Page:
Isolated myocardial bridge on coronary angiography – not so benign?

Isolated myocardial bridges seen on coronary angiography are generally considered as benign. Myocardial bridge is the situation in which a portion of the epicardial coronary artery passes beneath a myocardial bridge so that it is seen as a narrowing of the coronary artery in systole, but not in diastole. Kim SS and associates [Long-term clinical course of patients with isolated myocardial bridge. Circ J. 2010;74:538-43] from the Department of Internal Medicine, Chonnam National University Hospital, Gwangju, Republic of Korea, investigated whether these are really benign findings by a study with mean follow up of over three years. They found there was a significantly higher incidence of readmission with chest pain in those with myocardial bridges. It may even cause myocardial infarction or life threatening arrhythmia, though the incidence is low. The risk was higher in those with long myocardial bridge and associated coronary vasospasm. They suggested intensive medical therapy which should include anti platelet agent aspirin and statin which were shown to decrease the readmission rate.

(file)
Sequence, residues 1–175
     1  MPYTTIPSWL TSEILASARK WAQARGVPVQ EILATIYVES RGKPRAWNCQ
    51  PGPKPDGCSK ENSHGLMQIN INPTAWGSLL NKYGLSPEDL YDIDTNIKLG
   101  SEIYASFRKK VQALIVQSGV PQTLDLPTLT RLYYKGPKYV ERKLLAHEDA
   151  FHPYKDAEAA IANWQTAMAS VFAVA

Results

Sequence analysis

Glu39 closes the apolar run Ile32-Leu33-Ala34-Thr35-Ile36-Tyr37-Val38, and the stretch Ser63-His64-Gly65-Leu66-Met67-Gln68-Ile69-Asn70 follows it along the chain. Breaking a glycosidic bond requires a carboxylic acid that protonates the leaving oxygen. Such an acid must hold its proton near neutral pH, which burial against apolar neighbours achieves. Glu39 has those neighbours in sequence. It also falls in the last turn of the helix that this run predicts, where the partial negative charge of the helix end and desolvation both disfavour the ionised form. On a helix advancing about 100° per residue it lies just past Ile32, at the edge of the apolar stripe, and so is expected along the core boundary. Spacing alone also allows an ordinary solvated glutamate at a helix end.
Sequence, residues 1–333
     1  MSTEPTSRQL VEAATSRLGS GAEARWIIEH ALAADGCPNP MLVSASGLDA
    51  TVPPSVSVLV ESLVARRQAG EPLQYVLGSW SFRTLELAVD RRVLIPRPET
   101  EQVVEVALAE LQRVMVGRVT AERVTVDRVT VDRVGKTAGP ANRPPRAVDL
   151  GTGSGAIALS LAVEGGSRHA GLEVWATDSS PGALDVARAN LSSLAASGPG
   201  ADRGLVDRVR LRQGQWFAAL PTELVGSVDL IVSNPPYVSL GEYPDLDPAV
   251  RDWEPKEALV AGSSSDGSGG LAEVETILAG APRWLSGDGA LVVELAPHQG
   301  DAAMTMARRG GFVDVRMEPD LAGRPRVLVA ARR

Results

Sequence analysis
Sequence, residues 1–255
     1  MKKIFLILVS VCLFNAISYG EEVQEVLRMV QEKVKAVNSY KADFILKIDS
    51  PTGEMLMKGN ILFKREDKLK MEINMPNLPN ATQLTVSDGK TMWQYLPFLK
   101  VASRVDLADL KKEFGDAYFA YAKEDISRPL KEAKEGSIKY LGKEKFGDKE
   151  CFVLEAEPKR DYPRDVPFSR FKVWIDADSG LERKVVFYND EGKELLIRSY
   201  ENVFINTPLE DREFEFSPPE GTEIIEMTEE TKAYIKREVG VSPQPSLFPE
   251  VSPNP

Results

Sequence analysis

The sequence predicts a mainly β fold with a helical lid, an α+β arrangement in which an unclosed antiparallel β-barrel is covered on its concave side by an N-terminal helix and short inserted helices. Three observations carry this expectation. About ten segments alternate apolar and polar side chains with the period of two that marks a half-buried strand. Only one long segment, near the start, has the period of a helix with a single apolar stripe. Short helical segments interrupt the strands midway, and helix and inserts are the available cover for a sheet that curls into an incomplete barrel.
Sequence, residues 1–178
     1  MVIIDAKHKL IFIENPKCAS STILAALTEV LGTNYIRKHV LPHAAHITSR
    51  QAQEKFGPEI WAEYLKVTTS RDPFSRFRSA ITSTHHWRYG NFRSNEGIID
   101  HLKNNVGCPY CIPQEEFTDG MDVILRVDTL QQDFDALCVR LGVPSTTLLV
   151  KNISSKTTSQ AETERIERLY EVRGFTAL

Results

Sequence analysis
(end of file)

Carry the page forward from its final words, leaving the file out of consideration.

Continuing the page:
Ishikawa Y et al found that the myocardial bridge muscle index (myocardial bridge thickness multiplied by the length of the myocardial bridge) if higher, tended to shift coronary artery disease in the left anterior descending coronary artery more proximally, thereby having a potential to increase the risk of myocardial infarction [Anatomic properties of myocardial bridge predisposing to myocardial infarction.
Circulation. 2009;120:376-83].

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